New Statesman – Article By Daniel Dennett On the Social Cell and Doubting Clergy
December 19, 2011
What do debutante balls, the Japanese tea ceremony, Ponzi schemes and doubting clergy all have in common?
A single cell, such as a bacterium, is the simplest thing that can be alive. In addition to the materials from which it is constructed, it needs three features: away of capturing energy (a metabolism), a way of reproducing (genes or something like genes) and a membrane that lets in what needs to come in and keeps out the rest.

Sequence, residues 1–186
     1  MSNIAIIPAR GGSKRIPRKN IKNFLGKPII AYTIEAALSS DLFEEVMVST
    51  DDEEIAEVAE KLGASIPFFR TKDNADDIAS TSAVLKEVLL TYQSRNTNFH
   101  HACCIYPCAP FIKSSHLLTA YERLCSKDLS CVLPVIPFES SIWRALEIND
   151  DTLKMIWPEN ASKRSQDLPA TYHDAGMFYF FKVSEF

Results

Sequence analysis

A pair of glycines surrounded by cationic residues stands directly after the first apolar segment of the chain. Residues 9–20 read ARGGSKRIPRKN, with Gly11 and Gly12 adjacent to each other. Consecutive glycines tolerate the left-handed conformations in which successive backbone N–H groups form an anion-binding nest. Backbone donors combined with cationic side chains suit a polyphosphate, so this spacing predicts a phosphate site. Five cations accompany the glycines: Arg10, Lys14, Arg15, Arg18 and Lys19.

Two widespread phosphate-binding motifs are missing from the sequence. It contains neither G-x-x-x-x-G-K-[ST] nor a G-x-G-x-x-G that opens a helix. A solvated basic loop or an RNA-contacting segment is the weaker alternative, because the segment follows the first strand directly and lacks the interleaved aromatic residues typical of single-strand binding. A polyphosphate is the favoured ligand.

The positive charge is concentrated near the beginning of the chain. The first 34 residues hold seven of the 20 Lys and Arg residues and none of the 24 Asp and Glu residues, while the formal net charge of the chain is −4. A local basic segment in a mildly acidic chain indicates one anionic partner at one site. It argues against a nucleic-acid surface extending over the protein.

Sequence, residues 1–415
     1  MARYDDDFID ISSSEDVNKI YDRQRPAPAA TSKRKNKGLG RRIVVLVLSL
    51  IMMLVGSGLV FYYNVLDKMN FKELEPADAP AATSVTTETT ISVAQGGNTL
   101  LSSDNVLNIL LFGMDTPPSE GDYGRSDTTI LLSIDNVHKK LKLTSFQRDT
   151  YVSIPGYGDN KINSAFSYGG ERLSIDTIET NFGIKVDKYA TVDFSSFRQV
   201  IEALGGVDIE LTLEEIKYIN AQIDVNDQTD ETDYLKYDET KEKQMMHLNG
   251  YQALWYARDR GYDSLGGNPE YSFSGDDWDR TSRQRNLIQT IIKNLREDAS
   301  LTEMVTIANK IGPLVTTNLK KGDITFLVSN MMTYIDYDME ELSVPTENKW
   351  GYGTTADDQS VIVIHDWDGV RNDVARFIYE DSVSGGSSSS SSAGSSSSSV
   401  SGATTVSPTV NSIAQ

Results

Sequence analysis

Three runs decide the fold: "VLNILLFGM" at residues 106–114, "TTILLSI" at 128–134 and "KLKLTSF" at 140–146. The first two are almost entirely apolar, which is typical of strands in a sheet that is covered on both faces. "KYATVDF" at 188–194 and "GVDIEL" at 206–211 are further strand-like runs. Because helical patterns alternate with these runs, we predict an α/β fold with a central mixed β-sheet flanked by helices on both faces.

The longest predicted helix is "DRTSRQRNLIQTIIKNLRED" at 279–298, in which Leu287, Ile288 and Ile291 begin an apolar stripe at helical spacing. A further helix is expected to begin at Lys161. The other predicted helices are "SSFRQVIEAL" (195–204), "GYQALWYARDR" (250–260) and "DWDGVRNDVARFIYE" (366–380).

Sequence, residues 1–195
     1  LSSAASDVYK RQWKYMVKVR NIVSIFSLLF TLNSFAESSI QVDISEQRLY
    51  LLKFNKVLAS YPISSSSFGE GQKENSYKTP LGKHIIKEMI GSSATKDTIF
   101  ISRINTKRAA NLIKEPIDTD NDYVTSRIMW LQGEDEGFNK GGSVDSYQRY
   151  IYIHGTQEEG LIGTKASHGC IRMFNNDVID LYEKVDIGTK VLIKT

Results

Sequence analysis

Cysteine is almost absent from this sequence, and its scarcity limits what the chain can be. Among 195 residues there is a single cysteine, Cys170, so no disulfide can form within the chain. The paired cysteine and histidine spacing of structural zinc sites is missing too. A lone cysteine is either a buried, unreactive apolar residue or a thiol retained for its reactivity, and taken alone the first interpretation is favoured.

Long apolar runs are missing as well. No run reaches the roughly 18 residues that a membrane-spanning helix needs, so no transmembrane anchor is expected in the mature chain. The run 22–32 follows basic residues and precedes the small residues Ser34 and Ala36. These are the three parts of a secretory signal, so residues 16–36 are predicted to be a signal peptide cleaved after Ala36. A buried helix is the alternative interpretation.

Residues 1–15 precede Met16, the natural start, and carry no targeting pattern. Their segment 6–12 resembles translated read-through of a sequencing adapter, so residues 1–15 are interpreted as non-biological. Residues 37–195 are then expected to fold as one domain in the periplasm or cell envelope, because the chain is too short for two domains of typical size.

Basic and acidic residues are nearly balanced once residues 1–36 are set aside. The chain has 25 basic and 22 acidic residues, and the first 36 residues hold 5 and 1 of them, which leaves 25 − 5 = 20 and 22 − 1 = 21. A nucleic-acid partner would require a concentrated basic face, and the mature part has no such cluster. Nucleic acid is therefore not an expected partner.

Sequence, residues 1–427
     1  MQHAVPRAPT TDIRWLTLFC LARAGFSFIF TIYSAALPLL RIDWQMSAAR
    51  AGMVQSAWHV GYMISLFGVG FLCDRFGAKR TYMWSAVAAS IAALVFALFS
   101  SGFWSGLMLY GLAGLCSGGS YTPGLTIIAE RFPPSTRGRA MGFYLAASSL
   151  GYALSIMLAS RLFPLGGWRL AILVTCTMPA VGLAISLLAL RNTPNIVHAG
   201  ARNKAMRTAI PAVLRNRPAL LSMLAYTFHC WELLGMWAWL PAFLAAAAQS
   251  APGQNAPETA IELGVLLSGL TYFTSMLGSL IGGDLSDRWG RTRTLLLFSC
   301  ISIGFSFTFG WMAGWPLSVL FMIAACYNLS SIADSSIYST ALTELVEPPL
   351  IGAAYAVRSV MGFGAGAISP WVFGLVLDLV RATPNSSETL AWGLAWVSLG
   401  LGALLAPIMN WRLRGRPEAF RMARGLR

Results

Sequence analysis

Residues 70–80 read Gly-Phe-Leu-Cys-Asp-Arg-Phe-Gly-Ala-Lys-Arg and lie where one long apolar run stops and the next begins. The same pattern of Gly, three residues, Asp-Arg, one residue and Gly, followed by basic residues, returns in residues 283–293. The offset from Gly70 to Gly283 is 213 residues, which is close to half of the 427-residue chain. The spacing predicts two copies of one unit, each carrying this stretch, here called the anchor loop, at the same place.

Converging lines of research from various schools in biology agree on these three necessities, but there is substantial unresolved controversy about the order in which they must have emerged at the origin of life. If the history of evolutionary biology continues along the paths it has followed so far, it is likely that the solution to this problem will prove to be some ingenious and indirect process of chance combinations and gradual refinements, in which metabolism -like cycles and reproduction-like processes joined forces with non-living membranes that were already floating around, objets trouvés that could be appropriated and exploited. Whatever their origins, the resulting designs have now been refined and optimised for more than three billion years and have proven remarkably hardy. Not only are such single cells the most abundant form of life on the planet, but all living things, from trees to fish to human beings, are constructed of them, harnessed by the trillions into co-operating multicellular teams.